Lea Shanley and Renata Rawlings-Goss, co-Executive Directors of the South BD Hub plan to reserve part of the credits to support emergent opportunities with potential for high impact in one of their BD Hub’s strategic verticals such as health, smart and connected communities, energy, and coastal resilience. These opportunities could include efforts such as regional challenges, collaborations to make government data widely available to the research community, and data-centric projects that engage groups commonly underrepresented in data science, such as Historically Black Colleagues and Universities (HBCU).

Melissa Cragin, executive director of Midwest BD Hub, said the leaders in that BD Hub are exploring ideas to use the Azure credits to facilitate early-career academic research projects and drive new data-science research collaborations between and across the Spokes’ efforts. This would provide, for example, opportunities for digital agriculture (such as precision farming and sustainability) and food-water-energy BD Spokes to use newly combined data to address interdisciplinary, systems-based science.

Executive director of West BD Hub, Meredith Lee, said that BD Hub will use the collaboration with Microsoft Azure to support their goal of building a community of practice to link data practitioners with the tools they need. These tools will help develop public-facing narratives to promote civic engagement. As an example, the BD Hub recently held its first “The Science of Data-Driven Storytelling” workshop, which attracted more than 700 registered attendees.

Northeast BD Hub’s executive director, René Bastón, proposes a unique public-private partnership model for the use of the cloud credits. This BD Hub plans to store research datasets from government and other sources in the cloud and use the cloud credits to allow academic institutions, startup companies, and NGOs to create services and applications with tangible impact on real-world challenges in that BD Hub’s priority areas: cities and regions, data driven education, discovery science, energy, finance, and health.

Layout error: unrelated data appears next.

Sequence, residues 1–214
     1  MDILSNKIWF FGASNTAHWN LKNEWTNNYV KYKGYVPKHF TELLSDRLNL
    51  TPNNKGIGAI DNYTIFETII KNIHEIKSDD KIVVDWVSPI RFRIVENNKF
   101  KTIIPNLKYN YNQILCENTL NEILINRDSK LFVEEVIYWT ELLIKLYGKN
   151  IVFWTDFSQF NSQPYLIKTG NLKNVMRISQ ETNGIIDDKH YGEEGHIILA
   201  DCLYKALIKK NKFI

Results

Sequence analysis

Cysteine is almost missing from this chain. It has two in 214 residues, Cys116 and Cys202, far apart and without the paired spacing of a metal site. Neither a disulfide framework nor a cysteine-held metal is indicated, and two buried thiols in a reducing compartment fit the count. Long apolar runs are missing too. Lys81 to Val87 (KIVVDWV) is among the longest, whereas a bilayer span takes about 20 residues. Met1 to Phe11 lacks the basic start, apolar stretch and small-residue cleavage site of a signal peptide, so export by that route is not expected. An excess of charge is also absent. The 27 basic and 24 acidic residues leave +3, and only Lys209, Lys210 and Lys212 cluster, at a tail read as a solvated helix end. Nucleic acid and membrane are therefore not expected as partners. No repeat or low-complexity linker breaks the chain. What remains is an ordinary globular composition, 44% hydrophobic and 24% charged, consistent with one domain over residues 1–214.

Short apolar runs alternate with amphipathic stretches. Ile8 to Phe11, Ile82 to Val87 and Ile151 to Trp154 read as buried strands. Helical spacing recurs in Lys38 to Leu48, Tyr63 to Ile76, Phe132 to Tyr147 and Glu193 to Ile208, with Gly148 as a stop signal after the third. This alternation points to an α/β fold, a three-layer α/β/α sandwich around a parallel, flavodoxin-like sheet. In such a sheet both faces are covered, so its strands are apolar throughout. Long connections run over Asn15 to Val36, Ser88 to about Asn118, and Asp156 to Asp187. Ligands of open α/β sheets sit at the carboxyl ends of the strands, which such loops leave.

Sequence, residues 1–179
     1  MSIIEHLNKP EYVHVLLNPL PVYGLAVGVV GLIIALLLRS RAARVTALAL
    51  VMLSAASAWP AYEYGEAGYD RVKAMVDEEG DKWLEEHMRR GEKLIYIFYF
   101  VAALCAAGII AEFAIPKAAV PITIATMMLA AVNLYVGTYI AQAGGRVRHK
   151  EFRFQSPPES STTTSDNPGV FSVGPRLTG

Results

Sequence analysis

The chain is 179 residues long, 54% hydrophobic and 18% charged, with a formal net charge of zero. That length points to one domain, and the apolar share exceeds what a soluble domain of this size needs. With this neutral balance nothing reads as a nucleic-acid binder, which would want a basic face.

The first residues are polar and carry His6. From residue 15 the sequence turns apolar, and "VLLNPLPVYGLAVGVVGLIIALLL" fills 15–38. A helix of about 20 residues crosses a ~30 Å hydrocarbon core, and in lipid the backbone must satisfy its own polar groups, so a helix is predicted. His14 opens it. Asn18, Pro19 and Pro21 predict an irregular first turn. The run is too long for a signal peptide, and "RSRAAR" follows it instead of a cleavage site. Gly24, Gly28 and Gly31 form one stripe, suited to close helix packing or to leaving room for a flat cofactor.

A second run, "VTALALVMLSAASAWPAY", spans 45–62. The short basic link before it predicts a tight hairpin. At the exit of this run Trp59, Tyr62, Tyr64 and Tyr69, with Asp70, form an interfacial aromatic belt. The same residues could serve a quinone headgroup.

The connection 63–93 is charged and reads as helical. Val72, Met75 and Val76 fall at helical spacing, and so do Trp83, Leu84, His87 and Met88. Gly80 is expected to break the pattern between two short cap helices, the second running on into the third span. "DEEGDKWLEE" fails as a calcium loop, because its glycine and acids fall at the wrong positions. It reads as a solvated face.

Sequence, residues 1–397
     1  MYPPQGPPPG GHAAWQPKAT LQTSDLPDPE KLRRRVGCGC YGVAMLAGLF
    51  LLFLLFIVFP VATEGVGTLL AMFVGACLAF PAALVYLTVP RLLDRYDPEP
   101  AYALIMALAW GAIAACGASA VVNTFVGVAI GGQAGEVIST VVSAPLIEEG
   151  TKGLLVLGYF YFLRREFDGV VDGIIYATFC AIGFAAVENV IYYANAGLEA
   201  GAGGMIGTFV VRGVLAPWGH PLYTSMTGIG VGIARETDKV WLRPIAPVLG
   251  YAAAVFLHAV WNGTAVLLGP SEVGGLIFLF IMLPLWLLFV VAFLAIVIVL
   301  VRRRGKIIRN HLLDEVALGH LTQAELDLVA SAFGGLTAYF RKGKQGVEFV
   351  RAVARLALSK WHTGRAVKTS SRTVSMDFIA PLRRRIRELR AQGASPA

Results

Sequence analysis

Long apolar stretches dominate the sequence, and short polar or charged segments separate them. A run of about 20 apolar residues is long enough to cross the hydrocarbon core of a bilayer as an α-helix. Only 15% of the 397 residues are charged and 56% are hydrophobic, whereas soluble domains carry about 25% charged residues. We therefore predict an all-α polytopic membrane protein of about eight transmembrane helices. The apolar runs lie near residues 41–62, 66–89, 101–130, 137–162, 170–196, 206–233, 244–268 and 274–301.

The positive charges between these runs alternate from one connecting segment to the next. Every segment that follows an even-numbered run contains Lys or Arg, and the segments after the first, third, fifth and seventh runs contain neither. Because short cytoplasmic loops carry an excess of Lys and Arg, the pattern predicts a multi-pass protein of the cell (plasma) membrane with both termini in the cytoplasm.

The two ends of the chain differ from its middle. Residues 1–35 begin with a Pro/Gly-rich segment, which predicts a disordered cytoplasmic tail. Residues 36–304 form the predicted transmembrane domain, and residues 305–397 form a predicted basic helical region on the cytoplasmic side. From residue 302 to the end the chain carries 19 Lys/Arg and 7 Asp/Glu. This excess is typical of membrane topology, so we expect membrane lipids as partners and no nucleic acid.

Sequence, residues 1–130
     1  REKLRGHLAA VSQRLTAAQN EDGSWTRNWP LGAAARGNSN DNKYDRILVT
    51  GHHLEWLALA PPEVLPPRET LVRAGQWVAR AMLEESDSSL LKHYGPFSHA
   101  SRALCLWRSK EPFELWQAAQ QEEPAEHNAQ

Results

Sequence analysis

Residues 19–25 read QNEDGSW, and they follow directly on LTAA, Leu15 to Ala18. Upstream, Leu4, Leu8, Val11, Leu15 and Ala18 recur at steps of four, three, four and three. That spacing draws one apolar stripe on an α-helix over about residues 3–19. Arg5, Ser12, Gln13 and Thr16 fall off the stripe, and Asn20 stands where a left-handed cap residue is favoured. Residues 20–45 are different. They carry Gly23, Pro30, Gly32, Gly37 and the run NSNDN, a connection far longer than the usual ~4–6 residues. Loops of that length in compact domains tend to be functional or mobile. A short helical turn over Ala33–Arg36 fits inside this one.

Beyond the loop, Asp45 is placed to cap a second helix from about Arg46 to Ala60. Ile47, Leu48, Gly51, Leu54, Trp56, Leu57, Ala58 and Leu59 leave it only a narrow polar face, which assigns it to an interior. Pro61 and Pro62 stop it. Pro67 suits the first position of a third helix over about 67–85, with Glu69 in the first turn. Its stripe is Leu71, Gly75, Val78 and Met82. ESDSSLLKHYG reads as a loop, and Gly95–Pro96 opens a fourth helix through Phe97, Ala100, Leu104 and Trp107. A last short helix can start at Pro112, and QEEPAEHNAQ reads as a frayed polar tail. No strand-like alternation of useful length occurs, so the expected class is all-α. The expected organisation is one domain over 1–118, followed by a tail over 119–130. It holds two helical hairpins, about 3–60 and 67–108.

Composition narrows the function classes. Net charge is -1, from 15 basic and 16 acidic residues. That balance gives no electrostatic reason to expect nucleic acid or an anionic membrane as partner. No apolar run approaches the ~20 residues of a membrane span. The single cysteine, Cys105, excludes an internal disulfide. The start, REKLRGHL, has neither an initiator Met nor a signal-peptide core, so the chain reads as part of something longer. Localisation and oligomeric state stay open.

The Azure for Research program has been instrumental in seeding hundreds of academic research projects in the cloud. This is fueling the tremendous impact of Microsoft Azure on accelerating and promoting data-intensive research. The Cortana Intelligence Suite (Microsoft’s data and analytics platform), with Azure Machine Learning, Jupyter Notebook with R and Python, Azure Data Lake, and Spark on HDInsight, empowers researchers and data practitioners across all technology and scientific domains to leverage the power of the cloud using tools with which they are familiar. The Azure for Research training program has empowered thousands of students globally. A graduate student at a recent training event at University of Illinois at Urbana-Champaign, remarked, “I spent last semester building a regression model in Python and I just did the same thing in 10 minutes in Azure ML.”

Microsoft is excited to collaborate with each of the BD Regional Innovation Hubs and support all of the BD Hubs’ leaders in their execution of the NSF goals for the BD Hubs and Spokes program. The $3M in cloud computing credits will help drive data science research efforts to the next level, advancing data-driven innovation nationally.